The Church is charged with engaging the culture and making disciples of Christ. Given that, the witness of the Church can, and certainly needs to, change in “presentation” from time to time. Insisting on presenting the Doctrines and Teachings of the Church using only a wooden presentation form using 4th century language, euphemisms, and/or parables can sometimes alienate a 21st Century audience and make the faith seem “irrelevant”. However the Doctrines and Teachings of the Church – the Deposit of Faith itself – is most certainly unchanging. The Church is the Body of Christ, and Christ is the “same yesterday, today, and forever”. As a result, that which was truly sinful in the 3rd Century is still sinful today, despite what our 21st Century “enlightened” culture might try to tell us.

    As GK Chesterton said:

    “We don’t want a Church that moves with the world. We want a Church that moves the world.”

    Lord help us to do this. +

  31. Alexander Patico

    I have not read all the comments above, but enough to discern a pattern: the critics do not accept what Fr. Robert actually has written, but insist upon castigating him on the basis of what they “heard” him say. He writes “engage with the culture;” they critique “giving in to the culture.” He writes about making the Gospel “live;” they see his rejection of it. He writes about a general subject, while they leap to specific areas of controversy and divisiveness. Why not respond to Fr. Robert on the same territory that he presents?: the relationship between past, present and future in Orthodox theology and practice, the idea that “tradition” is not a static, once-for-all kind of thing, but a dynamic process that started with Christ’s incarnation and continues today. While I may not agree with each and every line in his essay, most of it resonates with me. Yes, we have received much, but we are to contribute as well. Else the Church is whitening bones that have less and less vitality to them. That does not dictate any particular stand on an issue of the day, but it does demand that we live in THIS, the day that the Lord has made.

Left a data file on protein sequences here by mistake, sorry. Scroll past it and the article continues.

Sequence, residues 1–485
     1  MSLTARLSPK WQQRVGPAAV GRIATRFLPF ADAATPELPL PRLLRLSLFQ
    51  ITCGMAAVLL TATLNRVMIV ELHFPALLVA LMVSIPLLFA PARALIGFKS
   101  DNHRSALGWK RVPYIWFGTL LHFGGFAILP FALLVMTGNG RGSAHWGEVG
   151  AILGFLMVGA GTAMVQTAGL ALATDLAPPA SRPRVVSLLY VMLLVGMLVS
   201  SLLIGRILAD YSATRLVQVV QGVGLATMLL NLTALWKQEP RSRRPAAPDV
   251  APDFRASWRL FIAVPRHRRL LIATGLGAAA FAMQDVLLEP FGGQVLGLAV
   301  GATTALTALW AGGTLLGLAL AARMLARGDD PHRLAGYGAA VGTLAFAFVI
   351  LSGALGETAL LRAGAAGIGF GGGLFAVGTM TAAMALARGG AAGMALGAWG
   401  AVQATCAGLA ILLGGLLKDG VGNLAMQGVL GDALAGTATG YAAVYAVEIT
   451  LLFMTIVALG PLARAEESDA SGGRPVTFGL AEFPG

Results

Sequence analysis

32. M. Stankovich

    This discussion is a fascinating example of a very established mindset in the Church, best expressed in the opinion of the 14th century Byzantine Grand Logothete, Theodore Metochites: “In the Church, everything that needs to be said has already been said.” Theologically & dogmatically speaking, it would seem that this mindset would deter, if not condemn, any and all “re-articulation,” discussion, and examination of the eternal Truth & Tradition of the Church. But is this the actual “dogma” and position of the Scripture, Patristic Fathers, & our revealed Tradition?

    Fr. George Florovsky explores this mindset by first addressing the confounding notion that, as a “Church of the Councils,” the revelation of the Truth & Tradition was “completed” by the Seventh and final Ecumenical Council in the 8th century. Fr. Florovsky, however, challenges this idea through the person of Blessed Gregory Palamas. Palamas, he writes, condemned anyone and any theology which attempted to “contain” the uncontainable Energy of our God; eternally vibrant, eternally active, eternally invigorating & present. While God is “eternally the same,” Palamas condemned those who interpreted this to mean “unchanging,” and a “static” presence in the Church and the world.